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When blonde Pam Byrnes (Peri Polo) brings her boyfriend Greg Focker!--yes, the last name garners a few laughs--home to "meet the parents," the fact that the she is Christian and her boyfriend (Ben Stiller) Jewish appears relatively inconsequential to her parents. The differences in their backgrounds, though, do create some comic contrasts.
The portrayal of Greg, the Jewish boyfriend, is refreshingly free from stereotype, and even plays against it. He is not a Jewish doctor--instead, he is a nurse! It is the world of wealth of Pam's family that is more stereotypical. Her sister is engaged to a doctor who comes from a family of doctors, and her former fiance (Owen Wilson), presented as "old money," chooses, he says, to work as a carpenter "like Jesus Christ" while overseeing his investments. Greg's roots, in contrast, are obviously more humble. When he picks up his string beans and eats them with his fingers, it is clear that table manners were not a priority in his family.
Greg is neither rich, nor arrogant, just a nice guy who loves his girlfriend and wants to make a good impression on her family. He tries too hard, however, and his attempts to cover up who he really is in order to say what he thinks will impress the parents--or, more specifically, Pam's father Jack (Robert De Niro)--lead to several comic situations. The issue, though, is Greg's dishonesty, not his religion.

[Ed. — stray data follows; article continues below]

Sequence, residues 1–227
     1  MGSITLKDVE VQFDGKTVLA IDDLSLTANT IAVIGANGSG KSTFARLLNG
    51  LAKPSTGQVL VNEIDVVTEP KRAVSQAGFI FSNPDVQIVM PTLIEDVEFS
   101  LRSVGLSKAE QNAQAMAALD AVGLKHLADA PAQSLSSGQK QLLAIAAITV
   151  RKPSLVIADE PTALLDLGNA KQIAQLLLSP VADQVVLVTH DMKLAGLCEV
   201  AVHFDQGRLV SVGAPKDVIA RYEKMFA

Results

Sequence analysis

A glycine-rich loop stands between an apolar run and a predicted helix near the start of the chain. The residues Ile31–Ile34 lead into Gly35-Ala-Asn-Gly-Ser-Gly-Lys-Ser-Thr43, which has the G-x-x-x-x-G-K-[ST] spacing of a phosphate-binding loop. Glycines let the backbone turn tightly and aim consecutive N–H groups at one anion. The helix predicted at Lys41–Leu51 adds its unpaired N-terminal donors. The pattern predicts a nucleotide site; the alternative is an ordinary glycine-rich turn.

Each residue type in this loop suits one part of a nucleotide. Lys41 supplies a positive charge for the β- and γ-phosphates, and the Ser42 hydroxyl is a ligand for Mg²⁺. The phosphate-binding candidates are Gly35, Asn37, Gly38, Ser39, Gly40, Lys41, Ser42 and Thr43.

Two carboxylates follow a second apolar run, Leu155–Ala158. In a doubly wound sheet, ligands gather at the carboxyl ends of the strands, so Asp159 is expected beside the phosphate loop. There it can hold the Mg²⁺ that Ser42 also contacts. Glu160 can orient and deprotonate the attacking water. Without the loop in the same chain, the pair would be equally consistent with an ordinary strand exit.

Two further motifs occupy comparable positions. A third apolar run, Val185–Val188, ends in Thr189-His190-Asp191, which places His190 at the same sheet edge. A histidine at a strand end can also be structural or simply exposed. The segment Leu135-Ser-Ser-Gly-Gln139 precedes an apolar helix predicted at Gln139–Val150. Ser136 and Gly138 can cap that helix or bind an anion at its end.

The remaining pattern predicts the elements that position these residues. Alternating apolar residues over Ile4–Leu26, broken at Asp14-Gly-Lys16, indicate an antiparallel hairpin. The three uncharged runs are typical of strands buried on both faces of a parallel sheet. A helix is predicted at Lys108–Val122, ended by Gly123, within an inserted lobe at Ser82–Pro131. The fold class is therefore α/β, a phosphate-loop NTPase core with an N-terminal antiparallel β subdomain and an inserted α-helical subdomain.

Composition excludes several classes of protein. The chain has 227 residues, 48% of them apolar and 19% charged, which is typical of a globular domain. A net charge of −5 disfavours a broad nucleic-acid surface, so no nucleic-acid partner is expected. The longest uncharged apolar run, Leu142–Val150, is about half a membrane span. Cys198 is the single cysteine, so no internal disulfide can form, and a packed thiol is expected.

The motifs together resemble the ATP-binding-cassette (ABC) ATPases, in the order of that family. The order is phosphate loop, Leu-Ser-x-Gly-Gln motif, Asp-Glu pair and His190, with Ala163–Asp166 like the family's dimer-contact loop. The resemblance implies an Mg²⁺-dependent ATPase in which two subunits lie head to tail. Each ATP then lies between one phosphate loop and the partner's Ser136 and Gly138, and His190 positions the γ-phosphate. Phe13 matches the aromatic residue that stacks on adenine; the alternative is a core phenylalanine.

The comedy ends on a happy note. Blythe Danner, who plays Pam's mother, wants her daughter to be happy and attempts to convince her husband to stop trying to destroy the relationship. De Niro, as the bizarrely frightening prospective father-in-law, ultimately shows his soft side and ends up supporting his daughter's choice.
The film is often amusing and the acting is impressive.
Directed by Jay Roach, the PG-13-rated film is written by Jim Herzfeld and John Hamburg, based on a story by Greg Glienna and Mary Ruth Clarke. Peter James is director of photography. The music is by Randy Newman.